Education is a big component of the ATST project, says Kuhn, who’s volunteering his time and expertise to get a four-year science-and-technology degree off the ground at Maui Community College. Both the National Solar Observatory and the National Science Foundation have expressed their commitment to engaging Maui students in high-level scientific research.
The Institute’s high-tech facility is filled with expensive, fascinating devices designed to bring outer space into the lab. Kuhn points to a sophisticated model built by student interns: an adaptive optics machine that removes the twinkle from stars. Adaptive optics—a technology that allows astronomers to counter the effects of atmospheric blurring by manipulating deformable mirrors—is one of the scientific advances that will be employed in the ATST.
According to Craig Foltz, one of the National Science Foundation astronomers in charge of investigating the project’s feasibility, the ATST is potentially prestigious for Hawai‘i. While it would be funded by the Foundation, he says, “It is a project of the entire solar-physics and space-physics community.”
Science vs. Science
The physicists, however, are at odds with the biologists. Take, for example, the question of how the telescope’s construction will affect native seabirds.
“This project has made my hair grey,” says Haleakala National Park wildlife biologist Cathleen Bailey. She monitors the world’s largest known breeding population of endangered Hawaiian petrels—several of which nest underground within sixty feet of the proposed ATST’s site. Bailey acknowledges that telescope proponents have taken “pretty extreme measures” to study the birds, including two years of recording burrow activity with infrared cameras. But she disputes their findings: that the ATST is not likely to adversely affect the Hawaiian petrel.
Evidence collected during recent road resurfacing and a 2005 renovation of another observatory at the summit—two projects many times smaller than the ATST—demonstrates that construction in general harms the birds, says Bailey. “[Baby birds in] burrows near construction failed to fledge.”
The Department of Land and Natural Resources’ official response goes further, emphasizing that “the rate of reproduction of ‘ua‘u is so low that negative impacts on a single nest has [sic] significant effects on the species.”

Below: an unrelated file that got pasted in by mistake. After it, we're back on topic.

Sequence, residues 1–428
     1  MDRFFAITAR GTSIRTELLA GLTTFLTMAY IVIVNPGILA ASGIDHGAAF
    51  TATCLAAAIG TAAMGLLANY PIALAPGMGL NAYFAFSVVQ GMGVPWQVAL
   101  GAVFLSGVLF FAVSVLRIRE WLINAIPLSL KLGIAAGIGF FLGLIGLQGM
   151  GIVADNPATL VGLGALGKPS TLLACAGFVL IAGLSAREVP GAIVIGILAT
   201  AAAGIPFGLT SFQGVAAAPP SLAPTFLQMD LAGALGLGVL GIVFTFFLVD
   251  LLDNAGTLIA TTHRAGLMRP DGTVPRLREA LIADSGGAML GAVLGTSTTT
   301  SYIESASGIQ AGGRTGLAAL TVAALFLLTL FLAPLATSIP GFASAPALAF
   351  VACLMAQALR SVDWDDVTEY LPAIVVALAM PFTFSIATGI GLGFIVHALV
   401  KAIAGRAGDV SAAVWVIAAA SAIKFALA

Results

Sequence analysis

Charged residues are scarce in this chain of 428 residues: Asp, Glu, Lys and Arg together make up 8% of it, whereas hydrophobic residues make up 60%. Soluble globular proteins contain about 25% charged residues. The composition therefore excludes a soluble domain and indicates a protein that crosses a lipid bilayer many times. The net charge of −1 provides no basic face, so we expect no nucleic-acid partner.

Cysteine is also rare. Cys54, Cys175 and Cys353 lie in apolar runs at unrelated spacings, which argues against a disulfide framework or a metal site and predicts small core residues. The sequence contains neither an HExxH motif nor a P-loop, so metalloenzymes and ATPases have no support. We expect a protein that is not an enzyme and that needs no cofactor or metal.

Since birds are likely to suffer from crushed burrows, exposure to exhaust fumes, and collisions with vehicles and buildings, the department recommends that ATST project managers immediately apply for incidental “take” permits, to avoid criminal charges associated with harming or harassing a federally endangered species.
Haleakala Park Superintendent Sarah Creachbaum voices yet another consideration: the telescope’s potential impact on people’s experience of wilderness.
“The Wilderness Act talks about the importance of wilderness to the health and happiness of human beings,” says Creachbaum, referring to the legislation that mandates the preservation of national parks and undeveloped landscapes. “I have concerns that the telescope is going to be very big. . . . I’m afraid it will be the thing that finally overwhelms the crater.”
The EIS includes a survey of 543 park visitors that indicates few would care if another telescope were built. The Park Service disagrees, citing technical flaws in the survey. A third-party review noted that local residents, those who identify as Hawaiian or part-Hawaiian, and backcountry visitors were essentially absent from the survey sample.
“People have been looking to the Park Service to slow down or stop this project,” says Creachbaum. “But that’s not within our purview. I have no recourse, based on my judgment, to stop the telescope.”
Congress said as much—at least in respect to one of the Park’s concerns: the use of its only road. The 2009 federal budget includes the following instructions: “The Committees on Appropriations are aware and supportive of the potential development of an Advanced Technology Solar Telescope (ATST). . . . As the proposed ATST construction site can only be accessed via a road through the Haleakala National Park, the Service is expected to work cooperatively with the National Science Foundation to effectuate the issuance of a Special Use Permit as soon as possible.”